SANTA CLARA – Kyle Shanahan wasn’t a fan of the line of questioning he received following Trey Lance’s season-ending right ankle injury which occurred in Sunday’s 27-7 win over the Seattle Seahawks.
Like Lance’s teammates, Shanahan was devastated to see the 22-year-old’s second NFL season get cut short just five quarters into the season.
“It’s always tough, especially when it’s a big one like that,” Shanahan said. “You feel for someone so bad. It’s a sad one. But you don’t have time to think about it. You have to get right back to the game.”
Hindsight is always 20/20, but the 49ers coach didn’t like any implications of being myopic with the volume of designed run plays for his franchise quarterback.
“Anytime a guy gets hurt, I wish I didn’t call that,” Shanahan said. “But that’s something we were gonna do. It’s something we’ll continue to do. It’s a football play we believe in and something that gives him a chance to be real successful.”
So, it sounds like Shanahan wouldn’t take a mulligan if he had the chance.
When pressed about Lance's rate of rushes, Shanahan pushed back. It appeared Shanahan called three designed running plays within San Francisco’s first 17 snaps of the game Sunday, though the coach said there were other ways the plays could have unfolded.
“Do you guys watch other teams in this league?” Shanahan said. “Buffalo does it all the time with their quarterback. It’s a pretty normal play. It’s part of football and it’s unfortunate he hurt his ankle on it. It’s a very normal-ran play. You guys should watch some other people.”
Perhaps Shanahan has a point, but on paper, Lance was putting himself in harm’s way at a higher rate than Buffalo Bills quarterback Josh Allen. Through his first three NFL starts, Lance averaged 12.3 rushes per game, a similar pace he was on Sunday before going down. That pace would have been unprecedented over the course of a full season, as Lamar Jackson set the NFL quarterback record with 11.7 rushes per game in 2019.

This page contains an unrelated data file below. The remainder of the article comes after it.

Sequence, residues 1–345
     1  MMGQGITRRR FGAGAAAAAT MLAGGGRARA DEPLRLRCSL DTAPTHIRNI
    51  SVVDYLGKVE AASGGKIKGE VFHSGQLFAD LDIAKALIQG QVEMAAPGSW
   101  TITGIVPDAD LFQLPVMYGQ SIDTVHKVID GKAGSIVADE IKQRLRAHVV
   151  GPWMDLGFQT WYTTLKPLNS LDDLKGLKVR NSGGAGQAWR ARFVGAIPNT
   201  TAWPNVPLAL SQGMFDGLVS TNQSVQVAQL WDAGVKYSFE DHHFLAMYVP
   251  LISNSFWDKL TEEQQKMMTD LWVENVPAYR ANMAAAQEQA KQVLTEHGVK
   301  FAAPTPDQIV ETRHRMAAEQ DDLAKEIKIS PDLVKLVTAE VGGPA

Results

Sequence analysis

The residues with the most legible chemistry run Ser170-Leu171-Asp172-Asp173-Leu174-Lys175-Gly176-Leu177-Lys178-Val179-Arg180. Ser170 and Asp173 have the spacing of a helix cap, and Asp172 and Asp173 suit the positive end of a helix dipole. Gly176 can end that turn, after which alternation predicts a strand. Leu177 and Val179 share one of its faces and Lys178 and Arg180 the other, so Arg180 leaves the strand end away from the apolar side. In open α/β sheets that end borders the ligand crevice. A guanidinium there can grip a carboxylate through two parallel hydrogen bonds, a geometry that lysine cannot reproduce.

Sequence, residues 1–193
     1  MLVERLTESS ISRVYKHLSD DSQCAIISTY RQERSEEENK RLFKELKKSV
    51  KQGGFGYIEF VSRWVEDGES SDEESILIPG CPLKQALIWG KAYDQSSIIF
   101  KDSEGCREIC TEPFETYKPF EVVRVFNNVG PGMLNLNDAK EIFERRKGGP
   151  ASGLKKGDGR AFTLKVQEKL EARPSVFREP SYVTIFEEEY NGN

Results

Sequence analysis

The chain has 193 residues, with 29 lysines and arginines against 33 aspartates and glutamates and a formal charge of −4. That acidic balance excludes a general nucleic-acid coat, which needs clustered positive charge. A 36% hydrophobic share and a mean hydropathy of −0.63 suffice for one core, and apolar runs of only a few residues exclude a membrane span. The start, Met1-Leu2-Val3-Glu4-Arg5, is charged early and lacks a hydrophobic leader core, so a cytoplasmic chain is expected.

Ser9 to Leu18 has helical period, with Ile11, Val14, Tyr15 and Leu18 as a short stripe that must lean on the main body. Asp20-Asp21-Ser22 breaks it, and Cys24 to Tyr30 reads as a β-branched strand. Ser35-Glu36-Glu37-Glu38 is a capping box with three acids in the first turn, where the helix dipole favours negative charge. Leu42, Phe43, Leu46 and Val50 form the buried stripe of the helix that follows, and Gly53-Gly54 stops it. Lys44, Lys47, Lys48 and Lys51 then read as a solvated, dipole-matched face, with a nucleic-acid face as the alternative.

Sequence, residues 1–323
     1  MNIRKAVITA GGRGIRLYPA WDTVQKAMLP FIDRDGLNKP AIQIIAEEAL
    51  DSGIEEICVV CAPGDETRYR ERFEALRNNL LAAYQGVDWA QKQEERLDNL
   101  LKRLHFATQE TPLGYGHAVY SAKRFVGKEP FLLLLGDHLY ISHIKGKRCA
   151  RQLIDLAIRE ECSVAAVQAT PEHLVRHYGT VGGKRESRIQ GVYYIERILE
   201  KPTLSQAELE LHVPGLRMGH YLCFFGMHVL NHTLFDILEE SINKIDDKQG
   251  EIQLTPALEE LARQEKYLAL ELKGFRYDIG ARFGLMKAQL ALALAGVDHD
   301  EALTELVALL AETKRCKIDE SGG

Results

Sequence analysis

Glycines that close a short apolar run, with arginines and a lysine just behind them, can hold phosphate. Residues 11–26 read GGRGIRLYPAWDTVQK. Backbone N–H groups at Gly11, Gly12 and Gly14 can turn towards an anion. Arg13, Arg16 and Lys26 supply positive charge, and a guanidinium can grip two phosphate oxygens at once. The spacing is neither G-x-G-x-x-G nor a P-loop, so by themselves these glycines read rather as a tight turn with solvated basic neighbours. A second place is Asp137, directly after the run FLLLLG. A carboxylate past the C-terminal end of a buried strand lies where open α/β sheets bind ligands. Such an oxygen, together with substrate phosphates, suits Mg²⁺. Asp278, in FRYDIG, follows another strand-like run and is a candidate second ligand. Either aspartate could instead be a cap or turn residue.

It’s worth noting that Allen has only rushed 12 or more times in five contests out of his first 62 games. For his career, he averages about 6.97 carries per contest. Allen carried the ball 10 times for 56 yards and a touchdown in the Bills' season opener and will play the Titans at 4:15 PT on 'Monday Night Football.'
Allen is listed at 6-foot-5, 237 pounds and often throws himself into piles with reckless abandon. Lance is listed at 6-foot-4, 224 pounds and took a decent amount of hits as a runner in the season opener. Not to mention he missed three weeks last year after injuring his knee while rushing 16 times in his first career start.
Despite the numbers and optics that suggest Shanahan put Lance at a higher risk of danger, 49ers fullback Kyle Juszczyk called the injury a freak occurrence.
“An ankle – that can happen any play,” Juszczyk said. “That’s not someone being more physical than him. That’s fluke stuff.”
Lance's ankle appeared to break as he tried to make a cut while getting thumped to the turf by two defenders: 237-pound linebacker Cody Barton and 345-pound tackle Bryan Mone, the biggest guy on the Seahawks.
The higher the volume of runs, the higher the chances of Lance getting injured.
Shanahan, Lance and the 49ers can’t take the play back. What’s done is done, but you gotta feel for Lance, who worked his ass off for the past 18 months only to get his opportunity stolen from him in five quarters.